• CHAPTER 6 Rivers of Gold, Valley of Conquest: THE BUSINESS OF LEVEES AND DAMS IN THE CAPITAL CITY
      (pp. 117-134)
      Todd Holmes

      Steamboats slowly made their way up the streets of Sacramento on the night of January 9, 1850, rescuing the wet and stranded from floodwaters that had quickly turned a riverport town into a sea of death and destruction. Days earlier, blue skies had greeted the residents of Sacramento, no doubt strumming the same chord of optimism that had driven these gold seekers to the surrounding mines the previous year. Many believed they had seen and survived the worst a northern California winter could muster, as heavy November and December rains resulted in only minor flooding throughout the town. The storm...

    • CHAPTER 7 Forging Transcontinental Alliances: THE SACRAMENTO RIVER VALLEY IN NATIONAL DRAINAGE AND FLOOD CONTROL POLITICS, 1900–1917
      (pp. 135-157)
      Anthony E. Carlson

      In August 1903, the Trans-Mississippi Commercial Congress met in Seattle, Washington. Dedicated to promoting economic growth in the western United States, the congress adopted resolutions pertaining to water, forest, mineral, and rangeland conservation. One of the most strongly worded resolutions implored the federal government to develop the Sacramento River valley. Decades of ineffective local policies and conflicting water laws delayed flood control, irrigation, and wetlands drainage, causing the valley to languish as the country’s biggest untapped source of wealth. The sheer scale of the valley’s environmental problems, the congress concluded, justified intervention by the embryonic administrative and regulatory state. Once...

    • CHAPTER 8 Both “Country Town” and “Bustling Metropolis”: HOW BOOSTERISM, SUBURBS, AND NARRATIVE HELPED SHAPE SACRAMENTO’S IDENTITY AND ENVIRONMENTAL SENSIBILITIES
      (pp. 158-182)
      Paul J. P. Sandul

      In 1808, well before Sacramento became a diverse multicultural metropolis (the twenty-seventh largest in the nation) housing about 1.4 million people by the start of the twenty-first century, Spanish army officer Gabriel Moraga reached the site of Sacramento by trekking upstream along a big river. Moraga’s horseback expedition had already spent two years exploring the California Central Valley for Europeans, despite the fact that the land had already been discovered, explored, and even settled by native Americans for thousands of years. As one local historian wrote, “The air was like champagne, and the Spaniards drank deep of it, drank in...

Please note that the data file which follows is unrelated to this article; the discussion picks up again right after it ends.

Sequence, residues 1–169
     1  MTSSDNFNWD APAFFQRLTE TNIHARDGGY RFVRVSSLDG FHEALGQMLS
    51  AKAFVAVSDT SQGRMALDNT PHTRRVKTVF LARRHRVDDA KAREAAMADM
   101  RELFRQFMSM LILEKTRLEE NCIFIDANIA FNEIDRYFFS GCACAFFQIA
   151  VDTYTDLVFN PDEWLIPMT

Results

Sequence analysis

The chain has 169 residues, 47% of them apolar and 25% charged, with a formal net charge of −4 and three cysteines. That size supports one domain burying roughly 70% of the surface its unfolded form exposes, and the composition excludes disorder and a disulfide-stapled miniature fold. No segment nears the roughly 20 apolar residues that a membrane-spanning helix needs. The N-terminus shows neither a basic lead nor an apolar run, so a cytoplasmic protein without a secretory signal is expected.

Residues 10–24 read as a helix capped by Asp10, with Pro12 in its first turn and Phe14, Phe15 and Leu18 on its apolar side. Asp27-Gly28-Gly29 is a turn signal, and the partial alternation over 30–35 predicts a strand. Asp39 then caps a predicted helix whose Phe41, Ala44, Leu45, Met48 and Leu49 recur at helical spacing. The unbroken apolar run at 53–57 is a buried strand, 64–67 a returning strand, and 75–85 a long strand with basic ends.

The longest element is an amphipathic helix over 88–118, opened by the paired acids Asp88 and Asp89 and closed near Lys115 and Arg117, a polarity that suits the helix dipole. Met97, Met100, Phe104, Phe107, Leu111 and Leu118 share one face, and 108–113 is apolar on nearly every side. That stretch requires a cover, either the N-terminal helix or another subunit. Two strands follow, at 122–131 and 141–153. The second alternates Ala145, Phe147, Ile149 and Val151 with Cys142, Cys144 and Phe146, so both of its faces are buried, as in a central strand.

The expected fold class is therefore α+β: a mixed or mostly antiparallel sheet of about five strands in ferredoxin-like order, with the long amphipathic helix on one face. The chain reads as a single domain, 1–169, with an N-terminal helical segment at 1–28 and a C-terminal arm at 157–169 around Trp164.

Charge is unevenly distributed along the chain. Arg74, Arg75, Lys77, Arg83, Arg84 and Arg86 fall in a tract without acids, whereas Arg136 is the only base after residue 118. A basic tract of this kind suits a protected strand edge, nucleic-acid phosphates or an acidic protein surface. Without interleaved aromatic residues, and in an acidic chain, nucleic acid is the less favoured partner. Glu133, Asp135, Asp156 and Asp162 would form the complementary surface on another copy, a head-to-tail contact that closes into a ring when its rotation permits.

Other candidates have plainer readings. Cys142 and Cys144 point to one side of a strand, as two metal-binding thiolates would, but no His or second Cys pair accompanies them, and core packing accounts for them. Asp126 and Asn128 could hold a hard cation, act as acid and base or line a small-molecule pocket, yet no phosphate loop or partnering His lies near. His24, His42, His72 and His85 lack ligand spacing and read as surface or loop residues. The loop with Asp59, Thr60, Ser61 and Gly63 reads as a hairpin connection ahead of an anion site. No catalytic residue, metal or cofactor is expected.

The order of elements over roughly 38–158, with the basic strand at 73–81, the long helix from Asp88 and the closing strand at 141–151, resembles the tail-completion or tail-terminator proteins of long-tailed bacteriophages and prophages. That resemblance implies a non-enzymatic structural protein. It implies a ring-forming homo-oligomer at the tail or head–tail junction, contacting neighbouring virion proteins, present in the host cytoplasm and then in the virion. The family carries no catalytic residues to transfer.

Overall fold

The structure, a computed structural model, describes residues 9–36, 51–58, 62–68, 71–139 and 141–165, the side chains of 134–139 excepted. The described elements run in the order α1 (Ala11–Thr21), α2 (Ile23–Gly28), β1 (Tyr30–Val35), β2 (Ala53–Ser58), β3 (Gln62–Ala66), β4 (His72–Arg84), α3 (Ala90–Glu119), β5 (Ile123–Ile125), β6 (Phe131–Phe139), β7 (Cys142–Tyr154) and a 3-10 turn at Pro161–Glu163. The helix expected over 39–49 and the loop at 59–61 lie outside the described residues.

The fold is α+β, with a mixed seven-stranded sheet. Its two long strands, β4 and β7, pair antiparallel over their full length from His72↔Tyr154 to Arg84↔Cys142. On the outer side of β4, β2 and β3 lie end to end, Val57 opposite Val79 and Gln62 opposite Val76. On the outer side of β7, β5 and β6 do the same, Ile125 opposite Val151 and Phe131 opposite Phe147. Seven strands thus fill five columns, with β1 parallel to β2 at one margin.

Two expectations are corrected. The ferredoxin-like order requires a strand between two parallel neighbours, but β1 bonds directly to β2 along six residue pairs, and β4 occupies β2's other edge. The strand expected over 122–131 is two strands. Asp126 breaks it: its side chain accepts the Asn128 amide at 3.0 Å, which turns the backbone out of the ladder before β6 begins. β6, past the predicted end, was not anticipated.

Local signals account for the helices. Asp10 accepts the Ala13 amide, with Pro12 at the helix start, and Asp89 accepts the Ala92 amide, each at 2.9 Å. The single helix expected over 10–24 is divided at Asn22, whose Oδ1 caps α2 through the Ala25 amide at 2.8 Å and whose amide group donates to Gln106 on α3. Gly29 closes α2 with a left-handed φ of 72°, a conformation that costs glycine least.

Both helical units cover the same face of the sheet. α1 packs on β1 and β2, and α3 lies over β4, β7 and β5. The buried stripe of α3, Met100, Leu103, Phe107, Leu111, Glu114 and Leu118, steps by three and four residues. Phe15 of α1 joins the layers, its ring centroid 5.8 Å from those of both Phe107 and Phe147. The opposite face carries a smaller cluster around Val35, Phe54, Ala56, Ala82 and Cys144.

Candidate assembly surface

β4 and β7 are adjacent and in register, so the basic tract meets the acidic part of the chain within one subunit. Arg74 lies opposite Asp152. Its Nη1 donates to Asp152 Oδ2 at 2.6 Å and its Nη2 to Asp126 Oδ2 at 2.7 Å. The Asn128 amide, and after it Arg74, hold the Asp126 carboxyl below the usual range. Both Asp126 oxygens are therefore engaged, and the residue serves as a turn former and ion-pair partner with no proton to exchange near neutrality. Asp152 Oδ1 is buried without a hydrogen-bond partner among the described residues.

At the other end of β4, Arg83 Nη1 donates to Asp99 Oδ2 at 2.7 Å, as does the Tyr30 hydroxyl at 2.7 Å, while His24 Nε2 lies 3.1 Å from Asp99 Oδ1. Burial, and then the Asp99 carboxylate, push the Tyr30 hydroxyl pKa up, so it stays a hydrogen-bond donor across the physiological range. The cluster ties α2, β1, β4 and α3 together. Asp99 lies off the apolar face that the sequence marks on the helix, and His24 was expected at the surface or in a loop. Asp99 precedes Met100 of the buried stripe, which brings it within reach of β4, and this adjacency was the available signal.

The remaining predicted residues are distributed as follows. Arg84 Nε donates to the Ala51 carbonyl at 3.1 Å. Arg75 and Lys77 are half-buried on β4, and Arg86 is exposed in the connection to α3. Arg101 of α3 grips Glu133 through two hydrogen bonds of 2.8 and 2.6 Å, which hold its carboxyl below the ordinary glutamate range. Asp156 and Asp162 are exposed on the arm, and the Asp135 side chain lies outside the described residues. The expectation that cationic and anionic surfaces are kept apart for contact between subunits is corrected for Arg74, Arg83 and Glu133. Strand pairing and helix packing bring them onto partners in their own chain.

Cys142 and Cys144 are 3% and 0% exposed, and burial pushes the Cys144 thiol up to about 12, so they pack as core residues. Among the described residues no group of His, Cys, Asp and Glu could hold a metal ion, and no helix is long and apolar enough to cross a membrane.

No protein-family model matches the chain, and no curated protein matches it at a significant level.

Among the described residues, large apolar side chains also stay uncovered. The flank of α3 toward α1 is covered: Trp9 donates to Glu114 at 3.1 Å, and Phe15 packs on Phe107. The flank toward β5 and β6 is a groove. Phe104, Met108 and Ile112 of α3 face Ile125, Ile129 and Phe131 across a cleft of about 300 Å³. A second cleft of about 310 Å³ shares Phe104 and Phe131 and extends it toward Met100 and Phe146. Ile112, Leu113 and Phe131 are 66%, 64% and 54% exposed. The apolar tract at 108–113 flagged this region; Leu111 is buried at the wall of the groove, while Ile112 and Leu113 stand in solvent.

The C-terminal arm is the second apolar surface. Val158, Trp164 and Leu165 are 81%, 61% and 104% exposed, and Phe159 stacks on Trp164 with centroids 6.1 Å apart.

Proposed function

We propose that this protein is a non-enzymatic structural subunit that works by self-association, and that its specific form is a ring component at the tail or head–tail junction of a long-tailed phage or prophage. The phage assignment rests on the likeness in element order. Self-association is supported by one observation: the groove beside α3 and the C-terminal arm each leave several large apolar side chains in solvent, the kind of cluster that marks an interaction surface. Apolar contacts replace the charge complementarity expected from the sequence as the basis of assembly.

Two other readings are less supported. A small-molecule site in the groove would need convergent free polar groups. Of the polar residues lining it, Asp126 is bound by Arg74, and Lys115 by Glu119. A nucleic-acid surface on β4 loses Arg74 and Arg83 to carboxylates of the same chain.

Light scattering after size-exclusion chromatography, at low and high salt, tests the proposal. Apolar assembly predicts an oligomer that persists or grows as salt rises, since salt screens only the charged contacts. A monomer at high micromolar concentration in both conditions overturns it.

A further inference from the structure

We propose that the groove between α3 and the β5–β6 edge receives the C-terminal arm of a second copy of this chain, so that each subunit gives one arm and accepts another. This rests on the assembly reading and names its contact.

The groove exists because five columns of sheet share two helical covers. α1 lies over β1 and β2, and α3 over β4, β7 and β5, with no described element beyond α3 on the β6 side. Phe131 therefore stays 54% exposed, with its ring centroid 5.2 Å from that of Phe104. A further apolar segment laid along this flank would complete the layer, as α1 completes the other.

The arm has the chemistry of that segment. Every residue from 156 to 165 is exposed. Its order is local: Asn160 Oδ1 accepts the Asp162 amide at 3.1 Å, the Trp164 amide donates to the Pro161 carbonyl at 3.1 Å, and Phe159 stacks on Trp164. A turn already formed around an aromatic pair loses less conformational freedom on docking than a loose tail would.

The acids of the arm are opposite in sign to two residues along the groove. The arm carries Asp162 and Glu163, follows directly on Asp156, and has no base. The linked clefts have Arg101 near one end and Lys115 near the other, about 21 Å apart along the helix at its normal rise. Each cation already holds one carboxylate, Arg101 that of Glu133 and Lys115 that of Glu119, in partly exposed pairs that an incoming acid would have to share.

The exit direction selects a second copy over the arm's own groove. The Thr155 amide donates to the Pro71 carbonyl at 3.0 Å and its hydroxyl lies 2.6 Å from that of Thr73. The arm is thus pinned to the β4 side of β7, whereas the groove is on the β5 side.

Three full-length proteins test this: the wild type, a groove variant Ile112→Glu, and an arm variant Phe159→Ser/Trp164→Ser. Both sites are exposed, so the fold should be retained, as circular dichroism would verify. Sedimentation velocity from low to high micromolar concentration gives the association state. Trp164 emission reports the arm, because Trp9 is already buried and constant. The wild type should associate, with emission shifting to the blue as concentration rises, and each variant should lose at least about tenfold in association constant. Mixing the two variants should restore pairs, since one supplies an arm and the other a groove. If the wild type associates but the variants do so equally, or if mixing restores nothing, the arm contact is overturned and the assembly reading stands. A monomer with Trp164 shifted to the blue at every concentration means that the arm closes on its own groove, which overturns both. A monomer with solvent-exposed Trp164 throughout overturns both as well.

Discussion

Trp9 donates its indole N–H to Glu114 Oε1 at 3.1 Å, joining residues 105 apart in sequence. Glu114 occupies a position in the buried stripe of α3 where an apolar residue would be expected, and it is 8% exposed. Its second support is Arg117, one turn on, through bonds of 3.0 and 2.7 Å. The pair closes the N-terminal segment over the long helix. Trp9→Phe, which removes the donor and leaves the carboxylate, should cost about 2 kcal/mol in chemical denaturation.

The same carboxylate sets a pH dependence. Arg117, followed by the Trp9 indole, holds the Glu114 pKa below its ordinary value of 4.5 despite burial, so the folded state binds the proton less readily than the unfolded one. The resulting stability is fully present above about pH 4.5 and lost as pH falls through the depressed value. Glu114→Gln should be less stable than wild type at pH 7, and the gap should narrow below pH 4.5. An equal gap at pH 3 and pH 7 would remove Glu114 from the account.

4. Part III. Government Town

    • CHAPTER 9 Unseen Investment: NEW DEAL SACRAMENTO
      (pp. 185-199)
      Gray Brechin and Lee M. A. Simpson

      In a letter published in theFresno Beeon May 19, 1940, W. H. McConnell of the small Central Valley town of Parlier urged others not to take their city parks for granted: “No doubt few of us know how much the young children, tired mothers, and older men seen daily in the city parks and playgrounds enjoy what the New Deal under President Roosevelt has made possible. . . . Few realize what the [Works Progress Administration, or WPA] through the recreation department is trying to do and has done in establishing park playgrounds for children. Show your appreciation...

    • CHAPTER 10 The Legacy of War: SACRAMENTO’S MILITARY BASES
      (pp. 200-215)
      Rand Herbert

      The military has played a dominant role in both the urban and environmental development of the greater Sacramento region. During World War II, Sacramento was home to three major military facilities that served and supported the war effort and persisted through the cold war era. A fourth had a much more limited period of activity before becoming an outpost for one of the three main facilities. Of the four, two served the US Army Air Corps and were created before World War II: Mather Field was a creation of the Great War, while the Sacramento Air Depot (later McClellan Air...